However, each area has their own code for proper height of a window. And that's very important for agents to understand...

I just had one the other day where it was in Virginia and it was a basement. And they had a legal bedroom because it had a complete exit out a door to the outside and it had a door into another portion of the rec room. But they had two windows at the top of the basement wall. And she kept saying that it's a bedroom. And I'm like, "Well, it has to be 44 inches from the ground up to be called a legal bedroom." So in that case, we just called it another room. 

Proper egress could affect value because if it's not a true bedroom, then you're not going to get that value of a true bedroom.

Victoria Ray Henderson:

Okay. This question centers around the value of a home based on the appliances, the furnace, the age of the roof. How do you factor all of that into your appraisal?

Dawn Marie Miller:

Sure. A lot of updates and upgrades are going to affect the value based on the effective age. And when I say that, is that each home has a true age of when it was built and then the effective age of all the updates and the upgrades made to the property. So you could have a 50-year-old home, but it looks like an 8-year-old home because it was just renovated. If they're newer, recently renovated, then they're going to bring the effective age of the house down. And you're going to compare that to a house that has the newer roof and the newer furnace and the newer appliances. 

Coming up with a range of three comps and you're going to the higher end maybe if all those items are new. And if they're older, then you're going to go down to the lower range within your value.

So an accessory unit is when a section, I'll give you an example, colonial, you've taken the basement and you've put an in-law suite in there. Well, if you have an in-law suite, but you can access the basement from the main level, then it's not really an accessory unit, it's an in-law suite. Because you can still walk from one section of the house to the other section.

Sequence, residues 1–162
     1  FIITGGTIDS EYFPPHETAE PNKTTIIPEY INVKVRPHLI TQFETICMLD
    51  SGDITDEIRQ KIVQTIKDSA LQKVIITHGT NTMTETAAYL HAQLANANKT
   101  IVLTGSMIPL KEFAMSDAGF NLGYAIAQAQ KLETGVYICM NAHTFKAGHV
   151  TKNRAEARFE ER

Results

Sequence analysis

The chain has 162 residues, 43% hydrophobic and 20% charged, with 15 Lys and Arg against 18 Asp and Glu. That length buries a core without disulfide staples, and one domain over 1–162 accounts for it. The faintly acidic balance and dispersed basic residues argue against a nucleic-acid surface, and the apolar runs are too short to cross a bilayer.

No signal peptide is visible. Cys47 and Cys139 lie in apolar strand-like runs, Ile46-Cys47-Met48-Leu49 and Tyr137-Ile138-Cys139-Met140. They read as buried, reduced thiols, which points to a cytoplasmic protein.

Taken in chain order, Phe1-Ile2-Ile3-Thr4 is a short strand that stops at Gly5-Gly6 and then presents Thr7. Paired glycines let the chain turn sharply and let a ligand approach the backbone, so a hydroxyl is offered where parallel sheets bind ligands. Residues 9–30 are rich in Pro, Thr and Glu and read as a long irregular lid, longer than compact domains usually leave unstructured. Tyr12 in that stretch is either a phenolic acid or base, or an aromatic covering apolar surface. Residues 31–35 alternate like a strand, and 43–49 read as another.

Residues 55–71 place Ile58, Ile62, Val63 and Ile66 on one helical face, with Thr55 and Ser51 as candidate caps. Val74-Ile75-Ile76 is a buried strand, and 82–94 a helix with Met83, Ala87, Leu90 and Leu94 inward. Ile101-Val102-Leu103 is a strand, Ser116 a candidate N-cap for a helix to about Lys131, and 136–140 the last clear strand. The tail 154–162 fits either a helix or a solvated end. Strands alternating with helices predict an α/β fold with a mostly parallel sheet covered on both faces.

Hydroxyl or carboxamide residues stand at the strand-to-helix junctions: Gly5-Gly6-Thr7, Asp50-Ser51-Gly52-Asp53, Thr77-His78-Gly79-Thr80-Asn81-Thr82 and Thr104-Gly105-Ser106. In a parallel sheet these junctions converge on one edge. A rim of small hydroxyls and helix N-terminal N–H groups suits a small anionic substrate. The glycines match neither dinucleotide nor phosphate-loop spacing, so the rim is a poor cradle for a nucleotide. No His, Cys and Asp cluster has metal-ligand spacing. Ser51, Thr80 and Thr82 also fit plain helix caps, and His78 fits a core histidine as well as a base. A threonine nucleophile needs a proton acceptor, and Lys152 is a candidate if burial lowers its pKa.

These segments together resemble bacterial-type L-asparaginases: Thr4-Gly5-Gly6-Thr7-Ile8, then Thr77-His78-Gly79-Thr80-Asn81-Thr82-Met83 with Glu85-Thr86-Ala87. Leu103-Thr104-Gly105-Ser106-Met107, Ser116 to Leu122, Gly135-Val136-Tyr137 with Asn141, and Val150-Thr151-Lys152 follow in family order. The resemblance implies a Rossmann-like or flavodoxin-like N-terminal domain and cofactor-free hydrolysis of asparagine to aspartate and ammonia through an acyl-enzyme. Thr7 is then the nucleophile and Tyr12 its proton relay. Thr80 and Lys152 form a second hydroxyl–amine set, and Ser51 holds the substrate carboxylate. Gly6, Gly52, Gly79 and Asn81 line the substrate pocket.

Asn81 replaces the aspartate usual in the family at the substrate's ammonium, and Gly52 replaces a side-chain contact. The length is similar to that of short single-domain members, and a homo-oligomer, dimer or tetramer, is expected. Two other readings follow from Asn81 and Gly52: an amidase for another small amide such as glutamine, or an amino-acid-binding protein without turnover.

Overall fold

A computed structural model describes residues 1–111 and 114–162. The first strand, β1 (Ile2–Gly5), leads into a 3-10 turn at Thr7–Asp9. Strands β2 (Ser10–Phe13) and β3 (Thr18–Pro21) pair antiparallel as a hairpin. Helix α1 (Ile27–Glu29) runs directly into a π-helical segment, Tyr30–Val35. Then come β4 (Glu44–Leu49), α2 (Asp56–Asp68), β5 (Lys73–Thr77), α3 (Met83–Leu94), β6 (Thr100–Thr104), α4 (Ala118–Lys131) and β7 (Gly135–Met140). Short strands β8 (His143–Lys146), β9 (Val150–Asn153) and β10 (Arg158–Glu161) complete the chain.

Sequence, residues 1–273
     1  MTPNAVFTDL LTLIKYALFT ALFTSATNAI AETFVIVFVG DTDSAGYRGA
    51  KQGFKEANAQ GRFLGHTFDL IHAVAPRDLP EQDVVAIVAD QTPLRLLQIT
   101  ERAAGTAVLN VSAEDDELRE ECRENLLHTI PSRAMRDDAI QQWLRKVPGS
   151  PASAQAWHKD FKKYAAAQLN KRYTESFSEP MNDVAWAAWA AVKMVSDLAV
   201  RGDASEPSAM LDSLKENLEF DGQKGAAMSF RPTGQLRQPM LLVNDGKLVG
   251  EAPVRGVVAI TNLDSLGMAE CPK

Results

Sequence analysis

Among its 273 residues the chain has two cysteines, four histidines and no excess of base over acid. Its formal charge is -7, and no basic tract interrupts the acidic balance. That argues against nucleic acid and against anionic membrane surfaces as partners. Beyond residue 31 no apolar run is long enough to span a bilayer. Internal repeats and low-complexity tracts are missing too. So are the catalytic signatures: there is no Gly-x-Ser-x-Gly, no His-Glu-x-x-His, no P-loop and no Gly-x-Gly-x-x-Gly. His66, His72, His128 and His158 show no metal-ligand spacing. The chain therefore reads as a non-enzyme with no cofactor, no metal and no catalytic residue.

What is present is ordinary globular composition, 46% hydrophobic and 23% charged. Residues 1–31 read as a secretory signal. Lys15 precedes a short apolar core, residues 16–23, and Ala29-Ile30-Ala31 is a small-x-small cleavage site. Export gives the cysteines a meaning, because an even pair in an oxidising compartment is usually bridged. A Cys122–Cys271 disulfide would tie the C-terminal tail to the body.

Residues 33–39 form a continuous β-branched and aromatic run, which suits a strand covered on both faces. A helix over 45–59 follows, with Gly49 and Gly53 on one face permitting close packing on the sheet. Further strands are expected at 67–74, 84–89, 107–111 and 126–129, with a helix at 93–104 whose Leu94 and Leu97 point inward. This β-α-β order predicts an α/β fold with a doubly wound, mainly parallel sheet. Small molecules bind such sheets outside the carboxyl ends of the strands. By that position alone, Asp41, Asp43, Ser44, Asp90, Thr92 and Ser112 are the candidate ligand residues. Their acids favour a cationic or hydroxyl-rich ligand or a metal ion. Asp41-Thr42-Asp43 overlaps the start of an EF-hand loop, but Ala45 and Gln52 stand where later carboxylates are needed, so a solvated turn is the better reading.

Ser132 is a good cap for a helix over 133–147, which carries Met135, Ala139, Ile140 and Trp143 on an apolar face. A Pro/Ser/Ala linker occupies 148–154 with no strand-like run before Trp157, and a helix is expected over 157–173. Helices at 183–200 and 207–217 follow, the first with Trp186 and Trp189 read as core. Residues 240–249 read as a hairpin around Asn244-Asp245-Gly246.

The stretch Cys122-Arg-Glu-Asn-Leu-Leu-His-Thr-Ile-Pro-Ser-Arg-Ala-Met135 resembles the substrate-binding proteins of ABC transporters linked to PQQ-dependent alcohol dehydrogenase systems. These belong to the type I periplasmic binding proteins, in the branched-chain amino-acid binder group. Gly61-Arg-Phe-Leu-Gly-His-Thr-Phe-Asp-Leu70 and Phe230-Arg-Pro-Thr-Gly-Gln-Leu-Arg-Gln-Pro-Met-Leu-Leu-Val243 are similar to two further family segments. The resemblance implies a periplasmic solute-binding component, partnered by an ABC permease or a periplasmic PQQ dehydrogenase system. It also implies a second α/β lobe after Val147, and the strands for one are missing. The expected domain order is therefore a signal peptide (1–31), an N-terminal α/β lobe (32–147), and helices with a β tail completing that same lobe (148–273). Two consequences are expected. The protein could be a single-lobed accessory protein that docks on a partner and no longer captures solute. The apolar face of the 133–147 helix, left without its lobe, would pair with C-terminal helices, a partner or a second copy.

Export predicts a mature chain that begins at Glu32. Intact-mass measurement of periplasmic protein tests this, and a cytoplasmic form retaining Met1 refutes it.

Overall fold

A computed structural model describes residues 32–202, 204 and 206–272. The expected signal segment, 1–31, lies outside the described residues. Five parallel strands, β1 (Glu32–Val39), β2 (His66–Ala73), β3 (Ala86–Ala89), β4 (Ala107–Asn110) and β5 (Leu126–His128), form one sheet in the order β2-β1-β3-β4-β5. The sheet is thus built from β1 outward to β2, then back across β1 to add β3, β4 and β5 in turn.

When you have an accessory, you've actually cut off access to that unit. So that's the difference, is that are you able to access that area? If you can, then it's not an accessory unit. If it's completely blocked off and it's inferior in square footage to the main dwelling, then therefore it's an accessory unit. And in that case, what you have is almost like a two-unit family dwelling. 

And lenders, typically, you can use an accessory or the loan on an accessory, one, if it's legal. But you also have to provide a comparable accessory.

So if you're in Montgomery County and you're in the neighborhood of Kensington where it's not common, well, that's going to be a problem. You have to provide at least one home that has an accessory to determine, one, if it's common in the marketplace, and, two, will it resell, and what's the value difference? Because once you break that off from the main dwelling, you can't add that square footage back into that dwelling. 

An accessory versus a two-unit is how the utilities are as well. An accessory is still feeding off of the main dwelling's water, electricity, where a two-unit has a similar setup, but they're completely metered separately.

There are a lot of changes going on in the market right now... they're looking at using individuals to go out to properties and do a sketch and take photos of the property. But they're not licensed. They're just somebody that somebody has hired for $15 an hour. They're going there, they're measuring, they're taking pictures. They're then sending it to an appraiser to write up the data, which a lot of appraisers right now are not accepting because it's too much of a liability.